What is WebEdge?

For those who don’t know, WebEdge is the conference for Macintosh webmasters and developers. For three days attendees witnessed presentations on new software for use with Web servers, on Web design and maintenance issues, and on how to write software for Web servers in several languages. Evenings brought the Birds-of-a-Feather sessions on various topics, from the best way to write HTML documents to the future of the Web itself. Interspersed with all of this were sessions in the Hack lab, opportunities to meet the people who own the names that keep appearing in the MacHTTP-talk mailing list, and some fine meals at a few of Austin’s many fine eating places. Personally, I loved the IronWorks, located only a couple of blocks from the Convention Center. It had great ribs and an extremely informal atmosphere that reminded me of some of my favorite places in the small towns of northeastern Washington.

There were two tracks to the conference. The first track was for webmasters and focused on design, content, and pre-built solutions, although it included a course on writing CGI applications in AppleScript (by yours truly). Speakers included Martin Haeberli (Apple’s Internet Wizard), John Hardin (author of MacWeb), Chuq Von Rospach (list-mom for the Apple Internet mailing lists), Robert Best (author of World Wide Web Weaver), and some twenty other Web folks of equal prominence. The second track was for Web developers, including many webmasters but primarily those who develop their own software solutions to customize client sites. Classes in this track emphasized programming and service provider topics such as writing CGI applications in C, the HTML and HTTP standards, and Internet Service Provider issues and answers. Some speakers from the first track spoke here too; new faces included Mason Hale (author of the CGI interface for Frontier), Jaeson Engle (of MIND fame), and, of course, Chuck Shotton (author of WebSTAR and MacHTTP).

This WebEdge was sponsored by Apple Computer, Inc., Power Computing, Starnine Technologies, Maxum Development, Delphic Software, Connectix, Adobe Systems, Inc., Everyware Development Corp., Bungee, and MacTech Magazine.

The WebHack Contest

The Hack lab was equipped with about 30 computers, an equal mix of Apple PowerMacintosh computers and Power Computing clones. I enjoyed the opportunity to give the Power Computing stuff a workout and I couldn’t find a single flaw, although the Ikegami 17-inch monitors were a bit hard on the eyes. Although everyone was allowed to use the lab, only Web developers were allowed to enter the Hack contest. The contest rules were loosely based on those from the MacHack conference, with the exception that the lab closed at midnight (because of Convention Center rules). Given the number of attendees carrying a portable of some kind, that wasn’t much of a problem. The top prizes were a PowerMacintosh 8150 Internet Server bundle and a Power Computing Power 100. Other prizes were provided by Metrowerks, StarNine, Main Event Software, Everyware, Bungee, and Ceneca, who all gave away full versions of their software, and Connectix who gave away three QuickCams.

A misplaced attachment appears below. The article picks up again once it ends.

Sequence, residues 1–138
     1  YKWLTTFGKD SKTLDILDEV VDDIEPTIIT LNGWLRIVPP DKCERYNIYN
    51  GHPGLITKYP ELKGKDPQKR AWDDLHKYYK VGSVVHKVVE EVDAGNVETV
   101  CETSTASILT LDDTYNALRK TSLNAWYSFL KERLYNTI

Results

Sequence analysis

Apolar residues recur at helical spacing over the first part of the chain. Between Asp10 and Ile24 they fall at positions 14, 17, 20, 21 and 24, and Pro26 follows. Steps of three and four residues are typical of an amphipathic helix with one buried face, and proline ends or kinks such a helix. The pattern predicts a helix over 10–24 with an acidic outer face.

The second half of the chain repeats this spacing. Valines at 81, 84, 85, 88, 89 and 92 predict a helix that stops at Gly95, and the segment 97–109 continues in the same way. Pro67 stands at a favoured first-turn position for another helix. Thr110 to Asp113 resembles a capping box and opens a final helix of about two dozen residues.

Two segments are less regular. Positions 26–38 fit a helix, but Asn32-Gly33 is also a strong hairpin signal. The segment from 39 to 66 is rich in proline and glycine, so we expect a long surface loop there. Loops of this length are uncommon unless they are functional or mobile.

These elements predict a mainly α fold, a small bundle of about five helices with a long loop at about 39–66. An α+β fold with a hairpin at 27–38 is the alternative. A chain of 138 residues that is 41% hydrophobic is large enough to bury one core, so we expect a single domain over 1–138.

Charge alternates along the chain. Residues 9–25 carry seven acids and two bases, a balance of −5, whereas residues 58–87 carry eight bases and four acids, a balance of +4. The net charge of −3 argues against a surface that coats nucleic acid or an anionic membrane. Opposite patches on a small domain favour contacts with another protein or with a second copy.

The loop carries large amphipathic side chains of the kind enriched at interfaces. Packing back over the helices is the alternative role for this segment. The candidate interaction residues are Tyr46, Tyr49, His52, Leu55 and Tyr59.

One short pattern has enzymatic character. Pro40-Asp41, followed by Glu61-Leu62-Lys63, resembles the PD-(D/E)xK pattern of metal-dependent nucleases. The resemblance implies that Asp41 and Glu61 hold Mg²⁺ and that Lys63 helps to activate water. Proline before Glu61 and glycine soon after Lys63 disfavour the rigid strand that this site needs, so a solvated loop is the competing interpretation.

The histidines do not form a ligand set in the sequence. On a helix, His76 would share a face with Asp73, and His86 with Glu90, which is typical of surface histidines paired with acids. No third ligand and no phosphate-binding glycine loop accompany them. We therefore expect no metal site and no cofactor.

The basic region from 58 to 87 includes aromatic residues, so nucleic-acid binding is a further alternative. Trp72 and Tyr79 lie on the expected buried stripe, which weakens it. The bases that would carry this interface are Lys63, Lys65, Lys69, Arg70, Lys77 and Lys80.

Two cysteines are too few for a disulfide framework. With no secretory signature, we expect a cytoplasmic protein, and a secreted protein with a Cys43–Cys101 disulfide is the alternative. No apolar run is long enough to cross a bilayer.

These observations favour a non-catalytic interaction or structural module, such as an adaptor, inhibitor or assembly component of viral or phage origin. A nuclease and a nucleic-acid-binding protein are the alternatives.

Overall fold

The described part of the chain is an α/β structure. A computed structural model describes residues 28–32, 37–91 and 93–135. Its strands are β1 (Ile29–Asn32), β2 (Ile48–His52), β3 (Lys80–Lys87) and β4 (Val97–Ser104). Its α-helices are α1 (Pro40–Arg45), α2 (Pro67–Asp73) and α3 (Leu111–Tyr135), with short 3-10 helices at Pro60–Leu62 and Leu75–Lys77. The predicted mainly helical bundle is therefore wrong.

The hack entries covered a wide variety of topics and ranged from purely fun to a future commercial product. The winning entry by Katy Agnor of The ForeFront Group, Inc. (http://www.ffg.com/) fell in the latter category. The entry was called Web Pirate, and its primary purpose was to grab pages off of a remote site and copy the entire page, including inline graphics, to your local site with all links intact. It first checked the Netscape cache to see if you already had the page downloaded, which is a big help on low-bandwidth sites. The final version should allow you to choose between designating a range of pages to get or grabbing entire site. Since copyright is a very sensitive issue on the Web right now, the final version should also have some method for a site specifically to allow such activity - and probably a name less suggestive of theft!